At a time of year when thoughts turn to sacrifice and remembrance with Armistice Day, the story of Oughtbridge War Memorial Cricket Club is an apt one.
Chatting to Vice-Chair Matt Summerhill, the village club just North of Sheffield has had a direct link to those who lost their lives in battle for over a century.
The current cricket club was borne from a merger between Oughtibridge Church Cricket Club and Zion Cricket Club in 1919.
This coming together of church and works teams meant a single entity for Oughtibridge and then the ground was donated to the village in 1921 by Oughtibridge Silica Firebrick Company Ltd, as a War Memorial to those who died in the 1914-1918 war.
That strong association of loss and acknowledgement continues from their badge being a poppy to the fact that the war memorial itself is now built into the wall of the pavilion.
In June 2007, Oughtbridge War Memorial Cricket Club was flooded as the River Don burst its banks. The severity of the water damage wrecked the pavilion and they were effectively homeless for the best past of two years because the ground had tonnes of rubble strewn all over it.
When the pavilion was rebuilt in 2012, it was felt that a war memorial as an integral part of the new building made it very accessible, alongside the existing one at the parish church.
“The fact that every time you walk out to bat or you head back into the changing rooms,
you walk past all those names, it does give you that reminder that you are representing the village.”
The plaque shows the names of the 44 who lost their lives in the 1914-18 conflict and the 28 villagers who died in the Second World War.
Matt always takes the time to read the names as his own sign of respect but also acknowledges the profound sense of shock and having to rebuild in the aftermath:
“When you’re watching the games being played and you look at how many names are on there…you think about what that must have been like when the club came out of the First and Second World War. People you’d played with, your mates, were not there any more. That must have been an incredibly difficult time.”
For many villages, including Oughtibridge, the heart of the community was ripped out by both wars and there will no doubt be descendants in the village, including those who play cricket or are members of the sports club.
“That badge means everything to us. It’s a hugely important part of our identity” Matt told me, as I was curious how the importance of that sacrifice transfers to younger generations and lives on.
There is also a further visual reminder in the form of a sculpture on the end of the pavilion with the names of the fallen on leaves of the tree, in a field of poppies. It was commissioned by the war memorial committee to mark the centenary and climbs up the side of the building.
Our thoughts turn to how the year has panned out for Oughtibridge War Memorial Cricket Club and it sounds as if it’s been very positive.
Their first XI came third in Division One of Yorkshire Cricket Southern Premier League, almost grabbing promotion on the final day of the season.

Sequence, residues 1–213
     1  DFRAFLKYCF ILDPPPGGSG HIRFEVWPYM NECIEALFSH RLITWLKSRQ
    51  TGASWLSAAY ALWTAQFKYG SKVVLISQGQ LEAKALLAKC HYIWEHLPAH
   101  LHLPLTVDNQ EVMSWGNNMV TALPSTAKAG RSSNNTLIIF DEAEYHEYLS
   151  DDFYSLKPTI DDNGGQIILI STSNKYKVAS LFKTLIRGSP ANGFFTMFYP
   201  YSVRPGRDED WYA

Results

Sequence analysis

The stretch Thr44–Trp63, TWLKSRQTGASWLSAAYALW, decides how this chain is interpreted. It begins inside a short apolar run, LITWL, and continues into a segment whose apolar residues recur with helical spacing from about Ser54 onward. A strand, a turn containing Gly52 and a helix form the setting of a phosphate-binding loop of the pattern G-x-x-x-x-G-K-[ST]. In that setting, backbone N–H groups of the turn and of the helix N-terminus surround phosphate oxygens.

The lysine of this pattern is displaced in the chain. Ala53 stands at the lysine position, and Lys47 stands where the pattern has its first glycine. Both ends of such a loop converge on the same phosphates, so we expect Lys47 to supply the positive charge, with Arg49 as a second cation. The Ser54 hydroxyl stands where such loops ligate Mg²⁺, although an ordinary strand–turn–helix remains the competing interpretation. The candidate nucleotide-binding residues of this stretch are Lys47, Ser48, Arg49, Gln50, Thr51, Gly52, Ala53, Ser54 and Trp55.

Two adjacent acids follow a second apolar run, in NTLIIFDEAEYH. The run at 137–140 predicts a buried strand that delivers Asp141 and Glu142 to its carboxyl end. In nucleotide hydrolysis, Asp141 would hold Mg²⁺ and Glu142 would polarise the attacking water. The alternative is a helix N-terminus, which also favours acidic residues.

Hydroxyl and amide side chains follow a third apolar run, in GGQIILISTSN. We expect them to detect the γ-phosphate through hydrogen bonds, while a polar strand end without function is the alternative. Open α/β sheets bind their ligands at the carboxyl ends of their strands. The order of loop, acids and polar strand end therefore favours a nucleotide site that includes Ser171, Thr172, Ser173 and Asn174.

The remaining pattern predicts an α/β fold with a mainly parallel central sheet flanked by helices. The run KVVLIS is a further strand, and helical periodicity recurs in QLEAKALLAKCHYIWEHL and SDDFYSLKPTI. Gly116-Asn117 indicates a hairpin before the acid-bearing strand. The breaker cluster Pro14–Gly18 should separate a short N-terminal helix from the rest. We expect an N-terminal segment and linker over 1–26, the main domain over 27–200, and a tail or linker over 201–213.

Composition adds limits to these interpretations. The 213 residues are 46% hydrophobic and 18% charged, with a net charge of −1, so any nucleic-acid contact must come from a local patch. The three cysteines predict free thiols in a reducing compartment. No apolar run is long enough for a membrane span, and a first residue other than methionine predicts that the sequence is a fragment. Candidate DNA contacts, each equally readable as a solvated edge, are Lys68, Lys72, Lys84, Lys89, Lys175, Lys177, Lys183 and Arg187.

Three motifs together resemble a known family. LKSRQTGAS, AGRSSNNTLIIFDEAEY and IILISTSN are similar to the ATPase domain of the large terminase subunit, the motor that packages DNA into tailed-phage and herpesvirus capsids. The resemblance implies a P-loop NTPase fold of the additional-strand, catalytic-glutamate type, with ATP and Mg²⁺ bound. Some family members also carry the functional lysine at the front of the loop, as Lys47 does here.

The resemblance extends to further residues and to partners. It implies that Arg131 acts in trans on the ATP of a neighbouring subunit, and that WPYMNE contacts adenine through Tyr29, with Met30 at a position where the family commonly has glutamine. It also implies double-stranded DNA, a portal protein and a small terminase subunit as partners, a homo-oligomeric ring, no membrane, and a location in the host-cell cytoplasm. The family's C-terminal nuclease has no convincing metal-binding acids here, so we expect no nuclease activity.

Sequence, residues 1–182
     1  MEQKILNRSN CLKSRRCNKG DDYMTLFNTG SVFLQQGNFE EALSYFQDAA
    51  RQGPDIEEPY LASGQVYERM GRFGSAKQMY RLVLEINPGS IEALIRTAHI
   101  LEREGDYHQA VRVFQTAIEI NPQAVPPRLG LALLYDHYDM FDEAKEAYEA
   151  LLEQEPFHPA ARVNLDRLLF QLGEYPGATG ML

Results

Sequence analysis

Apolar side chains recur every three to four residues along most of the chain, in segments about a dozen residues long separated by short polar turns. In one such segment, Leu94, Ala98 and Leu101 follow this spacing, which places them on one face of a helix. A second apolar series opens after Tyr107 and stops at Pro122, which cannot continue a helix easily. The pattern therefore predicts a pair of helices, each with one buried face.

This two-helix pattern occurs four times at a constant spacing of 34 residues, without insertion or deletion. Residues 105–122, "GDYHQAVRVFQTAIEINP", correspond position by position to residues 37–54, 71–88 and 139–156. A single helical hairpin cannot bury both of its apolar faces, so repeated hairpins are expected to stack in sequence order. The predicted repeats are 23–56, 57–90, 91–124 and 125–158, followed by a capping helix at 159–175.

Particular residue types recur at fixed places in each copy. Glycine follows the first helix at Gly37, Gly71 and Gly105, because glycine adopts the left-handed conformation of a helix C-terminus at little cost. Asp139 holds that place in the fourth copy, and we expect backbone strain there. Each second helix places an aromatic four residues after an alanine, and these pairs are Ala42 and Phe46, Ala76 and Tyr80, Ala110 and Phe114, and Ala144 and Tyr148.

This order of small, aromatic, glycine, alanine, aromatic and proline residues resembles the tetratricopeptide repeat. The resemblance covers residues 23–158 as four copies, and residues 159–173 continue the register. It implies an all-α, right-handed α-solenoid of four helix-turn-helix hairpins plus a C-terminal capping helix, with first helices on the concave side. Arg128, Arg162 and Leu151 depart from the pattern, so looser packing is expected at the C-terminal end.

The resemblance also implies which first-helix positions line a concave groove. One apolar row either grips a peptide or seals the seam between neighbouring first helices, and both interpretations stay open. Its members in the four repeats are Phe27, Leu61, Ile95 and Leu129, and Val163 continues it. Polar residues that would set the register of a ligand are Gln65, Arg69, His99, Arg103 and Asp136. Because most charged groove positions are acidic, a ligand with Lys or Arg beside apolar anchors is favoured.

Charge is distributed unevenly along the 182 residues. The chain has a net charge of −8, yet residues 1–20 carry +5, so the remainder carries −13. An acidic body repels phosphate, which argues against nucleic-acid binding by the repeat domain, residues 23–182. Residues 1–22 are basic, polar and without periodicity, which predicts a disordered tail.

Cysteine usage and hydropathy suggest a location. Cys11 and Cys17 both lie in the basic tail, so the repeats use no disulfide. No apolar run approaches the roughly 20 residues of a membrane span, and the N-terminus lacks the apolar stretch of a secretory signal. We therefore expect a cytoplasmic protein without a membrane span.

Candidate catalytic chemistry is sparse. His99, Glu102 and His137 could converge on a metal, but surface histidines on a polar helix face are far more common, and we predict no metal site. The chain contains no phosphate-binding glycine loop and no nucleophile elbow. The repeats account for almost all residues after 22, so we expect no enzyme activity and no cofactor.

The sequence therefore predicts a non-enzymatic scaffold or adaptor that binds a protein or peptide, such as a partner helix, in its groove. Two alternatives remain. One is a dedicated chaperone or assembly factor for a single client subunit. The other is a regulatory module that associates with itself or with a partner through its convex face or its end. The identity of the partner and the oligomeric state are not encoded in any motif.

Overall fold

Having beaten Rockingham Colliery home and away (who went up) and pushed eventual champions Ackworth close, the foundations are there for a 2024 attempt to get into the Championship (the level below Premier League).
Oughtibridge’s second XI also ended in third, playing as they do in Division 3, having finished ninth the year before. Lifting the Presidents Trophy against Wath second XI was a welcome piece of silverware.
Meanwhile, the midweek side, a combination of firsts and seconds won the South Yorkshire Alliance Works Midweek Cricket League. Having claimed the top spot in the North group, they defeated Sheffield Collegiate by 37 runs in mid-August to lift the title.
In women and girls cricket, Oughtibridge came second in Division 2 of the South Yorkshire Softball League and then lost in the quarter-finals of the Plate competition to Wickersley Old Village Vixens. I see they have three indoor teams for this autumn’s South Yorkshire Women & Girls Cricket League’s season.
Oughtibridge WMCC have signed Sri Lankan all-rounder Hasaru Shaamikara as their overseas pro for 2024.
Chami, as he’s known, hit 1,147 runs and 52 wickets in 2023 and has apparently put everything into his time at Oughtibridge.
He’s left Galle Cricket Club to rejoin the Sri Lankan Air Force team and this will be his third season with Oughtibridge. Beyond the currency of wickets and runs, Hasaru coaches sides and is very much part of village life, living above the Post Office. Matt remembers when he came over as a shy 22-year-old having never left Sri Lanka before.
Oughtibridge are a club looking ahead, albeit one with its sense of self strongly forged from the past down to the name of the village itself.
Bit of history for you. It’s pronounced ‘ooti-bridge’ on account of a bridge named after a bloke called Oughtred around 1150. Oughty’s Bridge evolved into the name it is today.
We finish up our catch-up with plans for the cricket club in future. They’ve made six signings (including left-arm seamer Joe Hibbert and keeper-batter Danuka Hettiarachchi) as a sign of intent to get promoted in 2024.
They’ve also announced Will Cooper as first XI captain, taking over from John Grayson; Will joined from Treeton after the 2022 season. Oliver Cockbill-Black becomes the captain for the second XI and Liz Harris will continue to lead the women and girls’ squads.
Off the field, the cricket club want to build separate changing rooms for their women and girls’ cricketers as well as new facilities for machine storage and scoring.
That’s all for another day.
For now, it’s a poignant time of year to think about those lost in conflict and at Oughtibridge, they are always remembered.
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